What's it like to develop a speech impairment in later life? Chris Todhunter was in a senior corporate position when he began to have difficulties talking.
The deal was coming together. It was quite a big one: hundreds of pages of closely-typed legal documents, hundreds of millions of dollars all over the place. And as Director of Legal Services I was sitting in the middle of it.
The phone rang. I lifted the receiver and listened. 'Right,' I said, 'I'll meet you in half an hour at Annnnnovery.' Damn, I thought, they'll think I'm drunk. I tried again. 'Allnnnnnnovery.' I tried again at half normal speed. 'All-en - and - Overy.'
I didn't think anything of it until I had reason to refer to our law firm again. The same thing happened, and I thought not much more of it, only that I must be more tired than I thought, and all I needed to do was to slow it down a bit and take care. So next time I had to refer to the firm, I paused slightly and said the words slowly and carefully.
I don't know that it actually happened, but I felt acutely as though everyone in the room turned and looked at me, as if to enquire as to the reason for the sudden change in pace. No matter, I preferred that to the inexplicable slurring from which I just couldn't escape, every time I spoke the words without taking the requisite degree of care.
I don't think the situation changed much before the deal closed and the pressure eased a bit. I hoped the slurring would go away as I managed to get more sleep, but it didn't. Within an appreciable period of time, I found there were other words I was tending to slur. I didn't read too much into it, deciding that all I had to do was take a bit of time and care and my tongue would usually do what it was told.
Then came the evening when a few of us dined out the old Chief Executive and dined in the new. We started with a sociable pint of beer, and it was during the main course, after a glass of red wine, that my tongue lost all discipline. I started to tell a very funny story but I became literally tongue-tied: my tongue just did not work. I engineered a coughing-fit and remained silent for the rest of the evening, merely joining in the general laughter. I became worried that alcohol was my problem, but was puzzled as I didn't usually drink during the week and fairly sparingly at week-ends.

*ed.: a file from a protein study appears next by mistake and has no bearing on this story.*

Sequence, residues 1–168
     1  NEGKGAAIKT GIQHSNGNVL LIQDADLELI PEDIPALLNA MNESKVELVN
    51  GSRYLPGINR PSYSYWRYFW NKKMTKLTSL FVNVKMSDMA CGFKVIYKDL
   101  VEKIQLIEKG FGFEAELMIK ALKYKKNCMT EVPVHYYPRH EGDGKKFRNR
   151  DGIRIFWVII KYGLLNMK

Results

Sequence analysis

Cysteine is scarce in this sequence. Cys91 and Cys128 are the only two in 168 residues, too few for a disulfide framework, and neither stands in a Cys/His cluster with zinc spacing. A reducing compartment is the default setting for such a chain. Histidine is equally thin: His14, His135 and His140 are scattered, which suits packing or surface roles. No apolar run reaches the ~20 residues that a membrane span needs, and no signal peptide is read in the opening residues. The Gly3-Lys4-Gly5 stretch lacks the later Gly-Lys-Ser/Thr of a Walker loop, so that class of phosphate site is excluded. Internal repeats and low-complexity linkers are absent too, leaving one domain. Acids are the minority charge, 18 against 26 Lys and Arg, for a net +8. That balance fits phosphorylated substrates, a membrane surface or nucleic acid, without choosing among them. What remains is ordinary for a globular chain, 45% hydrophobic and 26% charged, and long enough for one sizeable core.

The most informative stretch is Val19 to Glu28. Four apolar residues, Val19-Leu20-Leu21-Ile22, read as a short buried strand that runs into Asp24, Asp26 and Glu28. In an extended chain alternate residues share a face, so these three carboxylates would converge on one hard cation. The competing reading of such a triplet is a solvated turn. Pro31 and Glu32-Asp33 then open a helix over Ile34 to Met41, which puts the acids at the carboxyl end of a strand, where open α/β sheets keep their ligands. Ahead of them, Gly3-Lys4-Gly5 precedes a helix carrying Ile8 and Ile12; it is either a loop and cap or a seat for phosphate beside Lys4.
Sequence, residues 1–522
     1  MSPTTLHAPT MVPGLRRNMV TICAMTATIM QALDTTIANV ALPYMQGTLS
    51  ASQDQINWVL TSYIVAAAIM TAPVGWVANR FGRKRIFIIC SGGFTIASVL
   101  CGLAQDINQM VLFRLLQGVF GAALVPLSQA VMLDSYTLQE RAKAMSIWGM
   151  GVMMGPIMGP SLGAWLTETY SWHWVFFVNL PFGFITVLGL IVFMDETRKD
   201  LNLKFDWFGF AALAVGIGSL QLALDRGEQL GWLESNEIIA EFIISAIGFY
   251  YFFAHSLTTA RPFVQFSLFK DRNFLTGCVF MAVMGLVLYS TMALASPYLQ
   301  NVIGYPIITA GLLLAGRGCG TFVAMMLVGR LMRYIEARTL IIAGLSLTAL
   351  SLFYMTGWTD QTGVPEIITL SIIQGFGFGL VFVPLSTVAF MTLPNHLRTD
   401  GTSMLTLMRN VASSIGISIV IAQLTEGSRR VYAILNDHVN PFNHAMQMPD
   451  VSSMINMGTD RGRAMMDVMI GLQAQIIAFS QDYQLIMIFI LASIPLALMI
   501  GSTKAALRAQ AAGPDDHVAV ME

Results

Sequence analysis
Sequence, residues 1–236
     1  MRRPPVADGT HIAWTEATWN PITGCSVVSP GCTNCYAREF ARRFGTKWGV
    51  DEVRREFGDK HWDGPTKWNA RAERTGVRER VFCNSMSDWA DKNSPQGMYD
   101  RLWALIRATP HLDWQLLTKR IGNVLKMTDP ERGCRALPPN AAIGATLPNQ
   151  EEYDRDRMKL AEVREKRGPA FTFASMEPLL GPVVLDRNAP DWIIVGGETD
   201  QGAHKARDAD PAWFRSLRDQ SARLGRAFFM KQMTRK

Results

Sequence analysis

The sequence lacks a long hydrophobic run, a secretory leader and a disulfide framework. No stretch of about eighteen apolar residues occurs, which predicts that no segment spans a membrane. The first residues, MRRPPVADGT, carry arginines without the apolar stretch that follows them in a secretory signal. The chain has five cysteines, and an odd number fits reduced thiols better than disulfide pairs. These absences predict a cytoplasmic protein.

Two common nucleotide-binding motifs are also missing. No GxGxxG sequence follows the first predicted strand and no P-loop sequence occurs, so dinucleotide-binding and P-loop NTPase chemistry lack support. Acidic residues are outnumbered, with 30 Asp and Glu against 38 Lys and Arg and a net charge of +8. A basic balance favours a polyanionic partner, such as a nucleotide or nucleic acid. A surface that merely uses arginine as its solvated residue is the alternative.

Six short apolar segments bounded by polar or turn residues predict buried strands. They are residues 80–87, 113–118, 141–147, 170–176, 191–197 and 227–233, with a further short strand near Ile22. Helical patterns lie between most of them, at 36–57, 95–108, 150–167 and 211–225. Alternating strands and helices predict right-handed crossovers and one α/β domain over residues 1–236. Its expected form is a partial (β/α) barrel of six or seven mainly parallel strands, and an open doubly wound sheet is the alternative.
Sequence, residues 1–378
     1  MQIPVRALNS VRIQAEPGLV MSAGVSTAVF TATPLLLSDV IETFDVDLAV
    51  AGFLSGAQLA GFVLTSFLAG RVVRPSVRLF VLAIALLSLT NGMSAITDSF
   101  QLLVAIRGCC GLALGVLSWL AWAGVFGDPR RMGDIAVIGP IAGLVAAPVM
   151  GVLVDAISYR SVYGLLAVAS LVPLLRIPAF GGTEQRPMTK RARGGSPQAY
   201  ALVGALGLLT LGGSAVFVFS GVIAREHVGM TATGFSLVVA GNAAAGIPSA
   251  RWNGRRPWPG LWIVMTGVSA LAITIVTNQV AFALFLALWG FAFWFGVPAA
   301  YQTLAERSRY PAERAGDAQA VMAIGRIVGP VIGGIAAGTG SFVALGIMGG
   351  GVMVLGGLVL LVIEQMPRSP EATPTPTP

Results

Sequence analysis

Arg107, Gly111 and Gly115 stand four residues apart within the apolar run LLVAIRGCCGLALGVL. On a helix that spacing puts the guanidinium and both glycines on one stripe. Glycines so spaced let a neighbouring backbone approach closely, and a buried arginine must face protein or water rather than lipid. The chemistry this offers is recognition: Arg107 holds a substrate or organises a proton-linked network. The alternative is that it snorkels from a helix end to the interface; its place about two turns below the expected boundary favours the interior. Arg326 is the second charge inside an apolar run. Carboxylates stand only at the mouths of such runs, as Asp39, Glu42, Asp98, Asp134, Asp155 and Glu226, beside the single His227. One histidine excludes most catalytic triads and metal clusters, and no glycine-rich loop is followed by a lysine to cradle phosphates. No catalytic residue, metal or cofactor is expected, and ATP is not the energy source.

Developing 'the block'
I laid off alcohol for two months, but nothing improved in my speech. I found I had to take more care with more words and eventually I found that the average speed of my speech was reducing in my attempt to enunciate more carefully. It became more acute over the phone and eventually I came to dread the phone - even at that early stage. I developed avoidance and evasion techniques and frequently ended up with tortured sentences. I found myself struggling to plan every word, every phrase, every sentence. I discovered 'the block'. Words just wouldn't come out. I think it was primarily as a result of my not knowing how to cope with the new speech difficulty. I did entirely the wrong thing: I pushed harder, got more determined to 'take charge' of my tongue. The more things didn't work, the harder I tried and the crosser I got. Net result, the whole works seized.
All this while I hadn't mentioned it at home to my wife. It was very much a question of what the 'it' was. Was it that my speech had got lazy through tiredness? Or was I becoming an alcoholic in the sense that I couldn't tolerate one glass and the effect was cumulative? Or was there something else? One evening I casually mentioned that sometimes my tongue didn't always do what it was told, and had she noticed anything? Her answer was of the 'yes and no' category: yes she had noticed something, but no it didn't present to her as a 'problem'. However she persuaded me to see the doctor which I did.
He asked a variety of questions of the type, 'have you noticed yourself becoming more clumsy recently?', he checked my reflexes, my ability to stand on one leg, and how steady I could hold my hands. He could find nothing specific but still referred me to a consultant neurologist. Neither he nor a further consultant in London, who gave me MRI and other scans, could find anything the matter with me.